Role of Bacillus subtilis DNA Glycosylase MutM in Counteracting Oxidative-Induced DNA Damage and in Stationary-Phase-Associated Mutagenesis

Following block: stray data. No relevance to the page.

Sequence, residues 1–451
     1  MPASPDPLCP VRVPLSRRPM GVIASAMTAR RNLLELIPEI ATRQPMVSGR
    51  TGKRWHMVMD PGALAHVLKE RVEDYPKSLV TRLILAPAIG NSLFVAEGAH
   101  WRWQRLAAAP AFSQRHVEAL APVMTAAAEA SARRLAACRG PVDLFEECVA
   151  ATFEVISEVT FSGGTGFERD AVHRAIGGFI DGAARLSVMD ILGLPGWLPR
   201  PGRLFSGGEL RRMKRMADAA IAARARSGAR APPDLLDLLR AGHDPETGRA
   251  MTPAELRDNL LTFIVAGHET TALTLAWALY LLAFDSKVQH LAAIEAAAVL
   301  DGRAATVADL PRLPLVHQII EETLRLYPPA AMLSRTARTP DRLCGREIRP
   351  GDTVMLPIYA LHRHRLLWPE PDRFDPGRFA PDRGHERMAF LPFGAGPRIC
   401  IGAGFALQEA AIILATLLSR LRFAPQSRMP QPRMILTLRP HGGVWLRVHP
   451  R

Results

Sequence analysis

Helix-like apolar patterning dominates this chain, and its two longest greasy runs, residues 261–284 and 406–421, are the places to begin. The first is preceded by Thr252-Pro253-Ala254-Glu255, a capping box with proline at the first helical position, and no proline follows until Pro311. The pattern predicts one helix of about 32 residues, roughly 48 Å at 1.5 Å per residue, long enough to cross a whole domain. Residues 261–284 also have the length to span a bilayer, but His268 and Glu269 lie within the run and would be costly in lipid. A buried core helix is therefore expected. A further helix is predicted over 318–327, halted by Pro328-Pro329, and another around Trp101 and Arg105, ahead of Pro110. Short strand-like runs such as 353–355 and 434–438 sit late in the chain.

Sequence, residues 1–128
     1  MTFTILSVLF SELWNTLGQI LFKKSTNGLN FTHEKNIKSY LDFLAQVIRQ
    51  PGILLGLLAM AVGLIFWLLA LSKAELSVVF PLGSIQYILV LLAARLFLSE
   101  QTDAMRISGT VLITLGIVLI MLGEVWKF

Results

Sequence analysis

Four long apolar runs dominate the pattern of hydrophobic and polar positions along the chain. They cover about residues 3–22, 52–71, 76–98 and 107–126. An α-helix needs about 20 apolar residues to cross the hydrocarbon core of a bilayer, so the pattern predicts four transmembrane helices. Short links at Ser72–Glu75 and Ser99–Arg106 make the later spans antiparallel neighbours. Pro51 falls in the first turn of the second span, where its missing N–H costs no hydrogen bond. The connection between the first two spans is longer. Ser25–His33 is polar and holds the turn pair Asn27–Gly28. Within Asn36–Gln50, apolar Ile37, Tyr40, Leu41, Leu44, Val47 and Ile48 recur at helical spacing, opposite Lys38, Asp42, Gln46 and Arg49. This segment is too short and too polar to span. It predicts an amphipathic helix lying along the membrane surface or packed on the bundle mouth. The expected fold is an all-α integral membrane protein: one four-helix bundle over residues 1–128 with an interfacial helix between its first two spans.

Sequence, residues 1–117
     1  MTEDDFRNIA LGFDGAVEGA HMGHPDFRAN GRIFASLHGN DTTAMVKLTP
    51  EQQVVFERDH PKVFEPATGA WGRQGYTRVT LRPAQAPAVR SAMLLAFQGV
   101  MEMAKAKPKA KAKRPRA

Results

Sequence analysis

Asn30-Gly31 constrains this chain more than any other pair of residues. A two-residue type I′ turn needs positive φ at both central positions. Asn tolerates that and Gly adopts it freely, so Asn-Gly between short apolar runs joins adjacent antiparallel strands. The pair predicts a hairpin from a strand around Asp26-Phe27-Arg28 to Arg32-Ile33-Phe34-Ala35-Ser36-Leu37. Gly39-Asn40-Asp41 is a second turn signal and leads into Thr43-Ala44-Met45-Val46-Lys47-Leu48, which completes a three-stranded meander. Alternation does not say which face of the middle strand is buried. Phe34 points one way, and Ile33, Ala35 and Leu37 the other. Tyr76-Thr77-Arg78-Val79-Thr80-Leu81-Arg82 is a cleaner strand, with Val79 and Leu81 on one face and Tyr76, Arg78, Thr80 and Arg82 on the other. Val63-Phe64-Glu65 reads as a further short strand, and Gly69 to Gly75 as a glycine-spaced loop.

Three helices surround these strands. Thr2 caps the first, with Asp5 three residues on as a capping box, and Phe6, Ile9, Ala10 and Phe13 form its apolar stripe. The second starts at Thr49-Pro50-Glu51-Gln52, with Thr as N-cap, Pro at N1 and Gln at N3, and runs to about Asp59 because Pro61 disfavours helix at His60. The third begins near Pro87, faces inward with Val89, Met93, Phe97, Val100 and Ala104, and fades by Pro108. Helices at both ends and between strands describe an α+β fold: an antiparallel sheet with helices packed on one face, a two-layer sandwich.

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Reactive oxygen species (ROS) promote the synthesis of the DNA lesion 8-oxo-G, whose mutagenic effects are counteracted in distinct organisms by the DNA glycosylase MutM. We report here that in Bacillus subtilis, mutM is expressed during the exponential and stationary phases of growth. In agreement with this expression pattern, results of a Western blot analysis confirmed the presence of MutM in both stages of growth. In comparison with cells of a wild-type strain, cells of B. subtilis lacking MutM increased their spontaneous mutation frequency to Rifr and were more sensitive to the ROS promoter agents hydrogen peroxide and 1,1′-dimethyl-4,4′-bipyridinium dichloride (Paraquat). However, despite MutM's proven participation in preventing ROS-induced-DNA damage, the expression of mutM was not induced by hydrogen peroxide, mitomycin C, or NaCl, suggesting that transcription of this gene is not under the control of the RecA, PerR, or σB regulons. Finally, the role of MutM in stationary-phase-associated mutagenesis (SPM) was investigated in the strain B. subtilis YB955 (hisC952 metB5 leuC427). Results revealed that under limiting growth conditions, a mutM knockout strain significantly increased the amount of stationary-phase-associated his, met, and leu revertants produced. In summary, our results support the notion that the absence of MutM promotes mutagenesis that allows nutritionally stressed B. subtilis cells to escape from growth-limiting conditions.